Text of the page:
Digital media has brought new possibilities to the world of advertising, so that readers can be tracked and profiled, and be served advertisements that seem to be relevant to them (and they will click on). Each media should have a defined advertising policy, i.e. defined types of advertising and their price list.
Virtually every media sells an advertisement at some point of its existence. Media financing is quite difficult to base exclusively on classic advertising (although it is not impossible, especially if you are a larger media or have a specific niche to cover), but there is no reason why the media should not be prepared to have a ready offer in case of business interest in the classical advertising space. Interestingly, a large number of local media in the Western Balkans do not have an offer of this type.
The same applies to sponsored (or paid or PR) texts – you are almost certain to receive a query about how much it costs to place (or create/prepare) an article for a company or organization. It is also good to have public information about this – whether your media agrees to this type of monetization and under what conditions. This type of monetization gains prominence especially with an increase in the number of podcasts, for which this type of monetization is quite common.
It should also be noted that in recent years, different types of advertisements and channels on which they are based have been combined, with the aim of exposing the reader/viewer /listener (i.e. potential buyer of an advertised product) to the advertised brand using the so-called Omni-channel marketing approach. Such campaigns are more complicated, combining different channels (e.g. media site for sponsored texts, YouTube channel for video advertising marketing and online newsletter media bulletins), and are not often used in the context of local media.
Small Ads (Classifieds)
Small ads were a gold mine of classical media until Craigslist's online services in the 1990s almost completely destroyed them. The monopoly on the communication channel to users is thus lost, but by embracing digital technologies and using still highly visited news sites, the media has the opportunity to create a relevant for-profit centre through specialized services for small and business advertisements.
Examples of such services are advertisements for jobs, real estate, death certificates, etc. This model of monetization is highly applicable when it comes to local media.
This monetization model enables the media to function as some kind of sales agent for a company's products or services. By placing advertisements (or other materials) on a media site, the media makes money every time readers click on an advertisement (link) and on the company's website buy a product (or perform the desired action).
This model of monetization is extremely popular in the west, but in the Western Balkans region it has never lived long enough (although there are companies that offer this kind of cooperation).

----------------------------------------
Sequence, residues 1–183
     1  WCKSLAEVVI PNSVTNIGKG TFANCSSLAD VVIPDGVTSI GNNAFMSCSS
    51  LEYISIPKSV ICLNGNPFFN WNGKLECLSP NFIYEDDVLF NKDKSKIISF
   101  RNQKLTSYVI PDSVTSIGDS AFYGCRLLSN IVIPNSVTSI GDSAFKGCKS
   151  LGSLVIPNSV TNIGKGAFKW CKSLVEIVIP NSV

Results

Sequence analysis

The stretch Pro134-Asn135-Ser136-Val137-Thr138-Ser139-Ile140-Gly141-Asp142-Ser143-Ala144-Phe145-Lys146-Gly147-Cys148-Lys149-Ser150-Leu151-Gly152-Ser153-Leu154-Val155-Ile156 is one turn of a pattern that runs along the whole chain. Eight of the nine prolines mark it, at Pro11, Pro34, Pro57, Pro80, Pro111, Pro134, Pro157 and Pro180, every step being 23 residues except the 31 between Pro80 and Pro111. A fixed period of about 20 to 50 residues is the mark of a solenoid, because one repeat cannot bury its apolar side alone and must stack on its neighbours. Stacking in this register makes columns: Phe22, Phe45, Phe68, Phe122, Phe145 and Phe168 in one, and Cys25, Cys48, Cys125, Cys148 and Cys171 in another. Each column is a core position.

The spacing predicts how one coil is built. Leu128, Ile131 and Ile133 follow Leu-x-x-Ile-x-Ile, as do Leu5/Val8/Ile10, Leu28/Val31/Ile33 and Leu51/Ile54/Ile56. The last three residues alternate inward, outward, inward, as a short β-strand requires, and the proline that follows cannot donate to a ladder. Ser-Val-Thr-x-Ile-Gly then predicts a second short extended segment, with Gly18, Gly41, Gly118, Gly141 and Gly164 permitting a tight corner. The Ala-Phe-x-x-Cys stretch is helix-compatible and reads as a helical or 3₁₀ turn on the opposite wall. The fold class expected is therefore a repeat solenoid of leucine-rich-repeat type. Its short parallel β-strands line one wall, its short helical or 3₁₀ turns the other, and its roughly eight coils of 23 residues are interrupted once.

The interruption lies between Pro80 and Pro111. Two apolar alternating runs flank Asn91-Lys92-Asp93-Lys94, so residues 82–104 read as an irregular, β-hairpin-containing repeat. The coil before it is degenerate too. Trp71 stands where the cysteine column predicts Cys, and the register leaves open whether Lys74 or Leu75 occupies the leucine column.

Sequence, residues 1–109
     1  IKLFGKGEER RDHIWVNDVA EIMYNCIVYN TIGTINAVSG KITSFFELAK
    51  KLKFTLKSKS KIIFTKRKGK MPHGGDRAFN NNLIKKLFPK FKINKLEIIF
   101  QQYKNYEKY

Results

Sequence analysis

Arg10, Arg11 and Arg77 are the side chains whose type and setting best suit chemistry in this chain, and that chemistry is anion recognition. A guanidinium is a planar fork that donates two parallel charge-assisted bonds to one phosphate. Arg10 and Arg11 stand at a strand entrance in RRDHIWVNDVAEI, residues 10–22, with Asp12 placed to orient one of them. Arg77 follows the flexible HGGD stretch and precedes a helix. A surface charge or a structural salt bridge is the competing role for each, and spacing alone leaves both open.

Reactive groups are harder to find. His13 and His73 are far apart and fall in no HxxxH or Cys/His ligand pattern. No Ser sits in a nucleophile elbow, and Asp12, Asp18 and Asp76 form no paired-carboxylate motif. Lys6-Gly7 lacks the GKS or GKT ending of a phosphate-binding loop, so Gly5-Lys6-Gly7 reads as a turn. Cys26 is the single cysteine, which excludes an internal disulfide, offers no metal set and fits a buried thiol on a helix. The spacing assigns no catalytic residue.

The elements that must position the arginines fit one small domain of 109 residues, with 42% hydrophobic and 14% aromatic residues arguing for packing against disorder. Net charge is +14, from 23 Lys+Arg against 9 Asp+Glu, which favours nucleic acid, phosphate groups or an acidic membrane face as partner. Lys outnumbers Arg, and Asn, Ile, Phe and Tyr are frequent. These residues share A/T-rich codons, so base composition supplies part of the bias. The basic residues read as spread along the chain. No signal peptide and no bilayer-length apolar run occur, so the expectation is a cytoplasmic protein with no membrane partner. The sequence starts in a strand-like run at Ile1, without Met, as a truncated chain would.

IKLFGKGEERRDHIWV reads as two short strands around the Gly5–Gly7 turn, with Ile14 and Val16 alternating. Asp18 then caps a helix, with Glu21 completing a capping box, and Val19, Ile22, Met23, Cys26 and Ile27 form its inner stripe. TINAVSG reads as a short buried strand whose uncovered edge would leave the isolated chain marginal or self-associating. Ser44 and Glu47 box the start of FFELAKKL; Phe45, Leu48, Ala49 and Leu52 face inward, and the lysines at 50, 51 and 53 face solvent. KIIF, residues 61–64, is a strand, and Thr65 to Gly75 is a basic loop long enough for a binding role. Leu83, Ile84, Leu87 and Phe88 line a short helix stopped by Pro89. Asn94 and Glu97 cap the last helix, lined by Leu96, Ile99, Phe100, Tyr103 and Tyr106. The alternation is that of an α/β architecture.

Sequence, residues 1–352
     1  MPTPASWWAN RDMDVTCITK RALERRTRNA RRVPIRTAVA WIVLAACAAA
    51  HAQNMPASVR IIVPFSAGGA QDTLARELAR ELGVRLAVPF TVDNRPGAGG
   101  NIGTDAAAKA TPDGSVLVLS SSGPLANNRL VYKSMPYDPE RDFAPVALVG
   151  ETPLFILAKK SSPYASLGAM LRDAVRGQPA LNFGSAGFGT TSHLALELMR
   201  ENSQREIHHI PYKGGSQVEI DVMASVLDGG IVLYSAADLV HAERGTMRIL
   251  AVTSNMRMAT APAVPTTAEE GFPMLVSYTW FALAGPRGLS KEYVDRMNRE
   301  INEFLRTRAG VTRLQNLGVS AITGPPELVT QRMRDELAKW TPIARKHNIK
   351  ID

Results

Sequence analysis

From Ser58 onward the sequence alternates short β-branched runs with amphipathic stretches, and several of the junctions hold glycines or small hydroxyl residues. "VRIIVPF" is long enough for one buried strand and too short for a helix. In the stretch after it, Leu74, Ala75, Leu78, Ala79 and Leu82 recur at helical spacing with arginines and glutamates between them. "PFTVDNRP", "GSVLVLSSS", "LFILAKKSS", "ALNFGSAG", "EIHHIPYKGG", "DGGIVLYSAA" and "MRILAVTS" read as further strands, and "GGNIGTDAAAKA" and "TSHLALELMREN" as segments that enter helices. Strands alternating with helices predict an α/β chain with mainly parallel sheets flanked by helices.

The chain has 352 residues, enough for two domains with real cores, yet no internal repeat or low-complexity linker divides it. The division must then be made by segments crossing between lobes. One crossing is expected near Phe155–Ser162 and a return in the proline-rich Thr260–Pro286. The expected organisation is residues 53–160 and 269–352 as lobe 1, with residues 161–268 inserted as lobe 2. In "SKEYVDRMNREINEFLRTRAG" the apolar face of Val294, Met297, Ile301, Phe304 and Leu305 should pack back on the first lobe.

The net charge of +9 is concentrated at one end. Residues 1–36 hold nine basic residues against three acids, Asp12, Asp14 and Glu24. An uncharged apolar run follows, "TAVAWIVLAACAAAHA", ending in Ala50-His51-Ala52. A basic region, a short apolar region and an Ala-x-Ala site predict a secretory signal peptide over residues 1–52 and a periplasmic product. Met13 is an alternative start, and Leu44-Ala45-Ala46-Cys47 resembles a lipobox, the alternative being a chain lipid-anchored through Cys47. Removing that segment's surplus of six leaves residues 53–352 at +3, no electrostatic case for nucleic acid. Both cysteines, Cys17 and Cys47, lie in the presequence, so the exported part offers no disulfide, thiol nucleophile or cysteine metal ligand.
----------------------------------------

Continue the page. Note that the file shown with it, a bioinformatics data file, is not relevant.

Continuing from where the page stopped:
As the name suggests, this model of monetization is based on collecting donations from readers/viewers/listeners. It implies that the media has a strong support base that shares media values and is ready to support it financially. Donations can be anonymous or public, and can be collected either continuously (donate page/button on the media site at all times) or for specific activities that require support (equipment, web infrastructure, content production, etc.). The very value of an individual donation can be either fixed (defined by the media and equal to all), or Pay-What-You-Want access can be applied.
The implementation of donations implies some kind of integration of technological services, i.e. implementation of online payments (cards or something like that), and in case there are no already finished solutions, the media must do integration with the payment system.
Creating a collection of physical objects that are somehow associated with the media is the essence of this model of monetization. Whether it's T-shirts with the name of media printed on them, mugs with photos associated with media, celebrity labels, or digital assets (NFTs) depends on the type of media and of course the target group of followers. Of course, the way of communication depending on the type of media (TV, radio, web) is different, but nowadays there is a high probability that whatever medium is primary for media, communication and sale of physical (or digital) items will occur over the Internet. Nor should we forget the fact that even in this model of monetization there is a need for a stronger connection between the media and its audience, because an individual through the carrying or consumption of objects created by the media demonstrates their connection or support.